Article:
Wolf Killed On Northeast Washington Reservation

Tribal wildlife officials in Northeast Washington are reporting a wolf was killed earlier this week — but not on the reservation where a hunting season just began.

B.J. Kieffer, the director of the Department of Natural Resources for the Spokane Tribe of Indians, confirms that the animal was killed “incidentally” on the Spokane Reservation by a tribal member targeting other predators, probably on Monday.

A pair of images online popped up the next day purporting to show the dead wolf.

Kieffer was not at liberty to discuss some details, including its age, sex and how it was killed, though comments in the above thread make it sound as if it was snared.

The gray wolf could be a member of the Huckleberry Pack, the territory of which overlaps tribal, state and private lands at the south end of the Huckleberry Range. This past March Spokane biologists confirmed the presence of wolves on their 155,000-acre reservation through DNA analysis, and WDFW trail cameras captured images of five pups nearby. The pack has otherwise eluded attempts to capture and outfit a member or two with a radio collar.

THIS MAP FROM THE WASHINGTON DEPARTMENT OF FISH AND WILDLIFE SHOWS THE TERRITORIES OF THE STATE'S KNOWN PACKS AND AREAS UNCONFIRMED ONES HAVE BEEN REPORTED. (WDFW)

Like the Colville Tribes on the west side of Lake Roosevelt, the Spokanes put a premium on the health of big game herds, including deer, elk and moose, roaming their reservation, sustenance their members have leaned on more ever since fish-ladderless Grand Coulee Dam shut off the supply of salmon in the 1940s.

Kieffer confirms that the tribe is also currently working on a wolf management plan, now in its final stages of internal departmental review before being sent to the business council for approval. It will likely provide management options.

Earlier this month, the Colville Tribes’ business council approved a winter hunt for as many as nine wolves. Tags are only available to members, and only three are available in each of three hunting areas on the million-plus-acre reservation. No word on whether any have been killed.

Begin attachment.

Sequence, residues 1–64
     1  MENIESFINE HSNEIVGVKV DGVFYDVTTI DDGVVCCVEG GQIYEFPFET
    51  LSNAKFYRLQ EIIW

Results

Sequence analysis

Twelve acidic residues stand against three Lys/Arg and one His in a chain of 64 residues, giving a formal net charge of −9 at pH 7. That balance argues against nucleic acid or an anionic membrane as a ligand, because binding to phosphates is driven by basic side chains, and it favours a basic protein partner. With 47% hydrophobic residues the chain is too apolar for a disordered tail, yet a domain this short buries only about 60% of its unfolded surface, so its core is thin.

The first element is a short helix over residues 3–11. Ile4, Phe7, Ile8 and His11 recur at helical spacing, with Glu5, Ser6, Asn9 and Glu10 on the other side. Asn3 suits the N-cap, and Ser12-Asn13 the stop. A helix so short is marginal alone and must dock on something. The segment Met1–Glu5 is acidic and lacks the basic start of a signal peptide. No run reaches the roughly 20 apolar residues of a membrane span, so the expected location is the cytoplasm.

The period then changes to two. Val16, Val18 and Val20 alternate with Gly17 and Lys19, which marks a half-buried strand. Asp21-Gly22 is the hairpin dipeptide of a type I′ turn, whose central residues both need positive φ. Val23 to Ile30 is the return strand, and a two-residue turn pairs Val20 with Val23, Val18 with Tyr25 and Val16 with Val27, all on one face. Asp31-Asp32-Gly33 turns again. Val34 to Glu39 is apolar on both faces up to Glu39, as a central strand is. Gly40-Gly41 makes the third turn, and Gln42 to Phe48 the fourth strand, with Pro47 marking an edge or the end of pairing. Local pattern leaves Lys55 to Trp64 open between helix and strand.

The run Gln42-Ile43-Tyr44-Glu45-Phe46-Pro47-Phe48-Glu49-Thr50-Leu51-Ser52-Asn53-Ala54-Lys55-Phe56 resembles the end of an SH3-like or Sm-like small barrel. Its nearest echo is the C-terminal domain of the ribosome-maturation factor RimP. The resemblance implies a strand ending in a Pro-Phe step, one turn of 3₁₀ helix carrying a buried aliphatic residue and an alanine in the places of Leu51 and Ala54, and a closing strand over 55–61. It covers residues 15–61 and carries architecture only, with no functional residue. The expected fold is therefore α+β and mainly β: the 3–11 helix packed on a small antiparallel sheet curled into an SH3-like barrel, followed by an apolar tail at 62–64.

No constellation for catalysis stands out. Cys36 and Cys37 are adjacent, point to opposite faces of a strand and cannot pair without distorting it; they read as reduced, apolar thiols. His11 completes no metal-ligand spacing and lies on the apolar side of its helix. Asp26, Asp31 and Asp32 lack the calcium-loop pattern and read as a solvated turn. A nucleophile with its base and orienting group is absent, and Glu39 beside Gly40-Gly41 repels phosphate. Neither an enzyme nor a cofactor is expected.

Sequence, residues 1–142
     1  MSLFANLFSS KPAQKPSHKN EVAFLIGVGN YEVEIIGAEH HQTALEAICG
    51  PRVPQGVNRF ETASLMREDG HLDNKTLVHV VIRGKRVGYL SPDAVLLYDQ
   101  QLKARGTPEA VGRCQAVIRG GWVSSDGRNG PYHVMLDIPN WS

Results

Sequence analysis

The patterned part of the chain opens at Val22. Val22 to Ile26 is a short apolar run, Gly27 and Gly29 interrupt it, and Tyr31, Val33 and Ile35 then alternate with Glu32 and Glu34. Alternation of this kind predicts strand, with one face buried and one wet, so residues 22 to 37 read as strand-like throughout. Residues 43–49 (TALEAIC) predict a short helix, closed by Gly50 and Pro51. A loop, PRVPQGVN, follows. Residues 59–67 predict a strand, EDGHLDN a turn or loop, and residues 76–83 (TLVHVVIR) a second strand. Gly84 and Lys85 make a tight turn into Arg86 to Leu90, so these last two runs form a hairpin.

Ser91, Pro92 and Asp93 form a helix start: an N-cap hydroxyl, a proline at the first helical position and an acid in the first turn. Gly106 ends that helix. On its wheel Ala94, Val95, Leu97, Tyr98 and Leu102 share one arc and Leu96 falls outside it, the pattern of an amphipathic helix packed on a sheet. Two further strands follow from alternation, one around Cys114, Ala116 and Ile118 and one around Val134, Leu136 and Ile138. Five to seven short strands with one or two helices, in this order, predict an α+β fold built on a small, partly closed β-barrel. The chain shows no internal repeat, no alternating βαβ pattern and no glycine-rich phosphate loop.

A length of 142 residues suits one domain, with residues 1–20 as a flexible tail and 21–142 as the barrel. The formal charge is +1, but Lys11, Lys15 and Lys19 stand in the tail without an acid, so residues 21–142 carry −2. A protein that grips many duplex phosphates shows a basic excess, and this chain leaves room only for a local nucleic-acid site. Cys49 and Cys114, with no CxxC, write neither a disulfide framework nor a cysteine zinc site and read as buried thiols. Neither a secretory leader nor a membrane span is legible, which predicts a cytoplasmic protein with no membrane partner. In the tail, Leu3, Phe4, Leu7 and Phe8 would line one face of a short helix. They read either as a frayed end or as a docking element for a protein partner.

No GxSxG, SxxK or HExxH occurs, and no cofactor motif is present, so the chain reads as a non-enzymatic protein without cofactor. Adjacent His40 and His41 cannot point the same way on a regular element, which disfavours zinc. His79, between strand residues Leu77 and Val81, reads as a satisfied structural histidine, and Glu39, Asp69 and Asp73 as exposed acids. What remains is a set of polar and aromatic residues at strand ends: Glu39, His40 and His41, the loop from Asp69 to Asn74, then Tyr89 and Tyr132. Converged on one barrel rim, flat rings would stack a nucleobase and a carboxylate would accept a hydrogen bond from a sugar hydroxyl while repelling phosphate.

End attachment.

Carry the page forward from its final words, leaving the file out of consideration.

This region of Washington is part of the zone in the Northern Rockies where gray wolves were Congressionally delisted in spring 2011. Additionally, the Spokanes and Colvilles are sovereign nations and can manage animals on their reservations as they see fit.

There are at least six other packs in Northeast Washington, including two on the Colville Reservation, two suspected ones, and new activity in the area where the Wedge Pack was eliminated for cattle depredations.

The Huckleberry Pack is suspected by state wolf managers of being involved in sheep depredations in northwest Spokane County in early summer.

There have been calls for state delisting and translocation of wolves in Ferry, Stevens and Pend Oreille Counties and elsewhere in Washington east of, roughly, Highways 97 and 17.

At least ten Washington wolves have now been killed this year through management actions, legal hunts or other incidents, including the seven Wedge wolves shot by state gunners, one that went to BC on a walkabout and another member of a cross-border pack that was on the Idaho side earlier this hunting season.

A pup that was eartagged by a state trapper in July was also discovered dead.

That that many wolves have died may be alarming for some, but it also means that their numbers are strong, especially so in Washington’s gamey northeast corner.

IN OTHER WOLF NEWS from the Evergreen State, OR-16, the Oregon male recently collared north of Elgin, wandered north into Washington’s Garfield County in early December, according to telemetry data from its collar, according to WDFW’s weekly wolf report.